The party also said by voting yes to the veil ban Swiss voters were saying yes to more security “because it is expressly directed against hooligans and left-wing [rioters] who commit violence and vandalism while masked.”

With the vote, Switzerland joins Austria, France and the Netherlands among other European nations to ban face coverings and comes after it in 2009 voted to ban minarets. (from a March 8 UPI report)

Switzerland joins other countries that have banned face coverings in public (from CNN News18):

France:  In 2011, France banned face coverings with a law prohibiting concealment of the face in public space. The act banned wearing of face-covering headgear, including masks, helmets, balaclavas, niqābs and other veils covering the face in public places. The ban also included the burqa if it covers the face. The ban was highly debated in the public as people raised concerns over immigration, nationalism, secularism, security, and sexuality. The advocates of the ban said face coverings hindered the clear identification in terms of security risk and ‘forcing’ women to cover their face under Islamic practices was sexist and oppressive. Opponents of the ban said that it encroaches on individual freedoms and targeted Muslims for their beliefs.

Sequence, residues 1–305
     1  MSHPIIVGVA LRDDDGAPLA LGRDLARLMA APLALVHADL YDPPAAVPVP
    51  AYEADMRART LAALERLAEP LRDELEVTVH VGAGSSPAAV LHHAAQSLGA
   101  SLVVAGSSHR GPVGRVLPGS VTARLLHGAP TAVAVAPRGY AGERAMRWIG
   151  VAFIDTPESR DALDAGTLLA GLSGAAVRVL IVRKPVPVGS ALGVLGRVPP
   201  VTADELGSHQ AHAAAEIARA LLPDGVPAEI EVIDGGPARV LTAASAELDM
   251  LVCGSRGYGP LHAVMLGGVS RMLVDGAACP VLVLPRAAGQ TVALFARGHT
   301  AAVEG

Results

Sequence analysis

Belgium: Full face coverings, including burqas, in public are banned in Belgium since 2011. People violating the law can face a fine or up to seven days in jail. However, Belgium only has around a million Muslims and out of those, only 300 wear burqa or niqab.

Denmark: Burqas were first banned in August 2018 months after validating the law in May that year. The law imposes a fine of up to €135 for offenders.

Austria: In Austria, the law mandates that people should make their face visible from hairline to chin, under the law known as Law against Wearing Face Veils. The ban has been in place since 2017. Violators of the law face a fine of up to €150.

Bulgaria: In Bulgaria, the burqa ban has been in place since 2016 with violators facing a fine of up to €750. However, it has made exemptions for people playing sport, at work or in a house of prayer.

The Netherlands: The ban applies to burqas, veils full-face helmets and balaclavas. The ban came into place here after 14 years of debate. A fine of at least €150 can be imposed.